Augustus Stahl

Equinox Staff


On a freezing January night in Keene, one coffee house stands out as a beacon of culture for all the twenty-somethings who populate the city. The Starving Artist is known for hosting shows for a low fee of $5 at the door and provides a much needed haunt for the local and not-so-local bands to play. Up until show time, members of the bands mingle in the crowd; the stage is simply a rug surrounded by instruments and pillar speakers.

A lone table surrounded by chairs is quickly snatched up by groups. The twang from a guitar took place of dimming the lights in this bohemian theater. The first chord put the members of the audience under a spell as the first band began their set. Moga, a band from Clayville, R.I., opened the show with sounds stemming from Pink Floyd and Howlin’ Wolf.

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Their unique sound of guitar and piano chords complementing each other sent waves through the audience, incurring movement and dance. Rough harmonies are a staple of Moga, providing some haunting melodies that were felt by the viewers. The table, originally fought over, is soon abandoned for the standing room surrounding the band. More songs made for a great show as the audience responded to each, singing along where they could and shouting along when it was applicable.

The last song took everyone by surprise as it started slowly and ended with everyone wailing away in a crescendo heard three blocks away. In 10 minutes their instruments were whisked away and the population squeezed out the front door to smoke cigarettes and mingle as The Mild Revolution set up the stage.

A Keene local band, TMR has played at The Starving Artist before and all around Keene. They advertised this show as an acoustic set, and as they were getting situated they reminded the audience to keep quiet because of the fact. It was clear how local the band was as they joked with members of the crowd while setting up. The lead singer, Morgan Little, opened the show with a few words thanking the Starving Artist for hosting them again, and thanked their friends for their support.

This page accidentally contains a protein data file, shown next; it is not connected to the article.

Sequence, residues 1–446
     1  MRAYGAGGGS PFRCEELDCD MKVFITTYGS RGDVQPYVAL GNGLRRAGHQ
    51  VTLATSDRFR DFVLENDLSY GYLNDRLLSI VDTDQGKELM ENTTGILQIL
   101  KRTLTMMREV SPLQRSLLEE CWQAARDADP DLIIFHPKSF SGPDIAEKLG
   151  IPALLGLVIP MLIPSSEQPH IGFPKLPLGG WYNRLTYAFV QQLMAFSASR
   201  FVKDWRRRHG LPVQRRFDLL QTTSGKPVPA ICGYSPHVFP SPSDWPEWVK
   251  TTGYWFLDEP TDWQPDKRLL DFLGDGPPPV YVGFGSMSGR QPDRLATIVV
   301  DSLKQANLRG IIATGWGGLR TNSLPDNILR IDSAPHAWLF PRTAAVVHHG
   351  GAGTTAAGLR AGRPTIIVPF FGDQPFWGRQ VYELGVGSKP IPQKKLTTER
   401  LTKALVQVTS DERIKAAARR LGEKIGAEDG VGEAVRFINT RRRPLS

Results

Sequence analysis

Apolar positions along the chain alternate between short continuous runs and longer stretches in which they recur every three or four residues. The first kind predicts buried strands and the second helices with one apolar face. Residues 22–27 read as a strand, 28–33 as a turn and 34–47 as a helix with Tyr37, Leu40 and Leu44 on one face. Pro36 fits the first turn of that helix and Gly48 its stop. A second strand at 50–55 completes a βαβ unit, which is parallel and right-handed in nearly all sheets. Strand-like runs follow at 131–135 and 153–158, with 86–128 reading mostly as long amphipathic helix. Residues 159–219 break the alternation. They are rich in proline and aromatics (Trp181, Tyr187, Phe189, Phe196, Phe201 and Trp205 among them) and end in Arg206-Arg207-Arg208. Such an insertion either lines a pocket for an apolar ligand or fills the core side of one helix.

Then he began the show with a song called “The Devil’s Son.” Their quiet, intimate sound inspired a feeling of wanting to listen to this music outside of the setting of “right now.”  Reminiscent of Mumford and Sons, the Mild Revolution provides an interesting take on the British band’s sound, creating something new with different influences.

The crowd was instantly enthralled by the band, inching ever closer toward the musicians.

Little asserted his authority over the venue, walking through the crowd howling the chorus at the top of his lungs and holding his guitar over his head. A crowd has never reacted so well to a band, shouting and stomping along with the band members, enjoying every minute of it. As the night went on, the Mild Revolution begged the owners of the café to let them play more songs, but were politely refused, and too were whisked off stage in a flurry of instruments and flannel shirts.

Five minutes later Smith&Weeden was onstage, complete with guitars worn through their paint jobs by years of practice.

This is illustrated again by the intricate finger pickings of the two lead guitarists. Their mood was infectious, their dances mimicked by the crowd, and their choruses echoed. The three bands sounded perfectly together, each highlighting an aspect of another. In an interview after the show, guitarist Matt Caputo explained a bit about the band, The Mild Revolution.

He said he began playing music early, starting piano in elementary school. By freshman year at Keene State College he played guitar, bass, and drums. He met Morgan Little in Carle Hall their freshman year, played guitar one night in their kitchen, and have been playing together ever since.

Over the next two years, they went through a few band members until they landed Joshua Hallengren on bass, Dan O’Rourke on keys, and Tim Stone on percussion.

The Mild Revolution has one CD out of a live concert and all their music is available on


Augustus Stahl can be contacted at


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